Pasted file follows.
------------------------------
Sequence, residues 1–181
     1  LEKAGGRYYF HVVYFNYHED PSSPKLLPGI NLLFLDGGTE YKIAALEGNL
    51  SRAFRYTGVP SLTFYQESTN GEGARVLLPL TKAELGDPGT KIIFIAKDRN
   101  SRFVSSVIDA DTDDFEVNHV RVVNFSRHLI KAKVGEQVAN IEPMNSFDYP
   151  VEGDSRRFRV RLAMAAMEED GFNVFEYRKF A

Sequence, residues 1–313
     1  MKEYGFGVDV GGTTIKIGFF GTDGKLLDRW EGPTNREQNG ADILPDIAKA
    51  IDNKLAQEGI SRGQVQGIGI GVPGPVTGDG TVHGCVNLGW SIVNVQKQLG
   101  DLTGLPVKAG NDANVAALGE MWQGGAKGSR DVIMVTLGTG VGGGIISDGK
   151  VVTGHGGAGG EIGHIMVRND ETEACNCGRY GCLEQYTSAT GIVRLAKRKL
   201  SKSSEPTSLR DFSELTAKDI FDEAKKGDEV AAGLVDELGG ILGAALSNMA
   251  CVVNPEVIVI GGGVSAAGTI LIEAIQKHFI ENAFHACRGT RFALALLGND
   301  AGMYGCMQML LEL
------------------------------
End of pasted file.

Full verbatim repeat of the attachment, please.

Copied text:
Sequence, residues 1–181
     1  LEKAGGRYYF HVVYFNYHED PSSPKLLPGI NLLFLDGGTE YKIAALEGNL
    51  SRAFRYTGVP SLTFYQESTN GEGARVLLPL TKAELGDPGT KIIFIAKDRN
   101  SRFVSSVIDA DTDDFEVNHV RVVNFSRHLI KAKVGEQVAN IEPMNSFDYP
   151  VEGDSRRFRV RLAMAAMEED GFNVFEYRKF A

Sequence, residues 1–313
     1  MKEYGFGVDV GGTTIKIGFF GTDGKLLDRW EGPTNREQNG ADILPDIAKA
    51  IDNKLAQEGI SRGQVQGIGI GVPGPVTGDG TVHGCVNLGW SIVNVQKQLG
   101  DLTGLPVKAG NDANVAALGE MWQGGAKGSR DVIMVTLGTG VGGGIISDGK
   151  VVTGHGGAGG EIGHIMVRND ETEACNCGRY GCLEQYTSAT GIVRLAKRKL
   201  SKSSEPTSLR DFSELTAKDI FDEAKKGDEV AAGLVDELGG ILGAALSNMA
   251  CVVNPEVIVI GGGVSAAGTI LIEAIQKHFI ENAFHACRGT RFALALLGND
   301  AGMYGCMQML LEL